Memorial Day

It was on Memorial Day in 2002 that I started to seriously think about joining the Armed Forces. I was hanging out in New York with my friend Shannon and her sisters to celebrate the holiday with the traditional family BBQ. But Shannon, whose father is a Vietnam War Veteran, has always been very passionate about the military and veterans and she had more than just a BBQ in mind for Memorial Day.

It was Fleet Week in New York, 2002. Thirteen U.S. Navy ships and their Coast Guard entourage docked in Staten Island and opened up some of their ships for tours. The pier was packed with people and I don’t think I can put into words what I felt, seeing those ships towering above us, flanked with men in uniform. It was eight months after 9/11 and the patriotism on that pier was tangible. I could taste it in the back of my throat.

We toured a Destroyer and I asked the tour guide if I could see the female berth (sleeping quarters). Because I was already imagining myself walking around that ship in uniform and I wanted to know what my sleeping arrangements would look like. Normally, that is not part of the tour, but I guess the guide saw my interest and asked a female sailor to take me into the berthing unit. It was awesome. There is just nothing like seeing the real deal up close and personal. It was small, and if you’ve ever seen Battlestar Galactica, they’ve got the racks depicted perfectly. I was mesmerized. I could imagine myself there.

Shannon had set it up that we would each “adopt” a sailor for the day and take them around New York as a way of thanking them for their service. So we met the three sailors that we would be showing around town and off we went. We had a BBQ at Shannon’s parents’ house where her dad brought out a photo album of his time in the Army. This astounded his daughters who said they had never seen this photo album and had never heard him speak of Vietnam. He told the sailors (I wish I could remember their names) about seeing his best friends dying right there next to him during a fire fight and I swear you could have cut the silence with a butter knife.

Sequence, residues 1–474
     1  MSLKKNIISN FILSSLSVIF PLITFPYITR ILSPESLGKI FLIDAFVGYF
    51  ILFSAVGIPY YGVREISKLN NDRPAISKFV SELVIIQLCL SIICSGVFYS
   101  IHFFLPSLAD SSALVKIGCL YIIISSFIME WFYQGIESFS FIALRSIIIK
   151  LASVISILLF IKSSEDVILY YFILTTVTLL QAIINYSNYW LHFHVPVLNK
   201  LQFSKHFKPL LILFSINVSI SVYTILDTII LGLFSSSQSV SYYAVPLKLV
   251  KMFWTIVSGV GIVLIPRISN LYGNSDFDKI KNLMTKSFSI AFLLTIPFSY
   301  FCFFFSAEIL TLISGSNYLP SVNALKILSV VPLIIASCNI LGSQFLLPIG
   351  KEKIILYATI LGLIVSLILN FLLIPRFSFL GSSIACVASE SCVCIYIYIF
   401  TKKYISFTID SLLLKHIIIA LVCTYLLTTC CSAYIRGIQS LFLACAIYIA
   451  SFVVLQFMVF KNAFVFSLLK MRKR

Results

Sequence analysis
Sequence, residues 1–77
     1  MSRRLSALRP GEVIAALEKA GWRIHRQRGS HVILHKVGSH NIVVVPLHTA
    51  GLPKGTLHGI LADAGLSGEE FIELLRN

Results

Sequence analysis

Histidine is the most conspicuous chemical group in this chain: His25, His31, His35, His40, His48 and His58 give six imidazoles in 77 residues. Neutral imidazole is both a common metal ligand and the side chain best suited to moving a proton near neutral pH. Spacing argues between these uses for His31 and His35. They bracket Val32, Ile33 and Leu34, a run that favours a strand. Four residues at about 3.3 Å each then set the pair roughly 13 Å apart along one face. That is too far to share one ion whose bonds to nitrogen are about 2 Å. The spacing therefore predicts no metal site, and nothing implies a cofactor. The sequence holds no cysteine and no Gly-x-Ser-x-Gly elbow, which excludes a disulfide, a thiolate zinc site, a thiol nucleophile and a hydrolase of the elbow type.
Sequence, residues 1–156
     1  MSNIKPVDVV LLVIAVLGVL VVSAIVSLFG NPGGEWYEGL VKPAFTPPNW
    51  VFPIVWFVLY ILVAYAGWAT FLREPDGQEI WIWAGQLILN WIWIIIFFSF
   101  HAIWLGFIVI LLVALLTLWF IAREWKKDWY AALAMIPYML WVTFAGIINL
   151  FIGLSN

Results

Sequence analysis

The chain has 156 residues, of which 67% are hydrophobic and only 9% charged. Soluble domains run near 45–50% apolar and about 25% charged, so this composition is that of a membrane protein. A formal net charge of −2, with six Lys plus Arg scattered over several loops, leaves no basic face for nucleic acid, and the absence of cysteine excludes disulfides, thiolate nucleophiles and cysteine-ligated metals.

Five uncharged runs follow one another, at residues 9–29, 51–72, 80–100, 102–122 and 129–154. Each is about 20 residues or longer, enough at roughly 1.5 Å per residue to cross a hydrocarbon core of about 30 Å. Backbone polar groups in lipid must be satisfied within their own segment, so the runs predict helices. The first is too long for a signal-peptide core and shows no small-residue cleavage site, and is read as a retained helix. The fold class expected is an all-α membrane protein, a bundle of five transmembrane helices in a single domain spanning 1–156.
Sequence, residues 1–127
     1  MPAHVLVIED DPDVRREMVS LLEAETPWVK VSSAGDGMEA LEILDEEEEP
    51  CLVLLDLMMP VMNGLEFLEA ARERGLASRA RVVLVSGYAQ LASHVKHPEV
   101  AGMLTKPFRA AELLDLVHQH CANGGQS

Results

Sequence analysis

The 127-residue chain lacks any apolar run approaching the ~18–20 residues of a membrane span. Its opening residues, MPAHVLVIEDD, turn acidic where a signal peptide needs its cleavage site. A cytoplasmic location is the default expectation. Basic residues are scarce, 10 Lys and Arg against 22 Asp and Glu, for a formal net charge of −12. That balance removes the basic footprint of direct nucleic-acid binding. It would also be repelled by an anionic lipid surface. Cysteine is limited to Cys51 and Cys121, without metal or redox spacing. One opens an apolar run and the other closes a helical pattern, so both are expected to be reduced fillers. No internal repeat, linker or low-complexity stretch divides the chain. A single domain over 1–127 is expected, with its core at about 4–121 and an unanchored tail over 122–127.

After the BBQ we went out for drinks, on us. I talked at length with the guys about their service and confided to them that I had always secretly wanted to join the Navy. In fact, I had talked to a recruiter in high school, but when she called my house, my mom told her I only filled out the post card for the free poster! Talking to this sailor, I started to feel like maybe joining up wasn’t such a huge undertaking. He told me that if I wanted to join that he didn’t think I’d have any problem doing it. His words lingered with me for two months before I darkened the door of my local recruiting office.

Boot Camp. I'm on the left.

Boot Camp. I’m on the left.

I wish I could say that my time in the Navy was of some service to my country. That is what I wanted it to be. Sadly, it wasn’t. But I walked away from it with a whole lot of positives. I met some great people that I still consider my friends. I met my husband, who I was able to support from afar while he served our country fighting in Iraq. And I learned something very important about myself. I can do whatever I decide to do. The only thing that prevents me from doing something is my own mind, my own insecurities. If I want to make something happen, all I have to do is do it and not give up. That is what being an American is all about, I think. We don’t give up. We stand up for what we believe in. We do what we have to do.

Today I am thanking God my husband came home from Iraq healthy and whole. Today I am grateful for the American men and women who give up a lot of their own freedoms and comfort to serve and protect us on a daily basis while we go about our regular lives. Today I thank the men and women who have died in service to their country – in service to us.

Happy Memorial Day.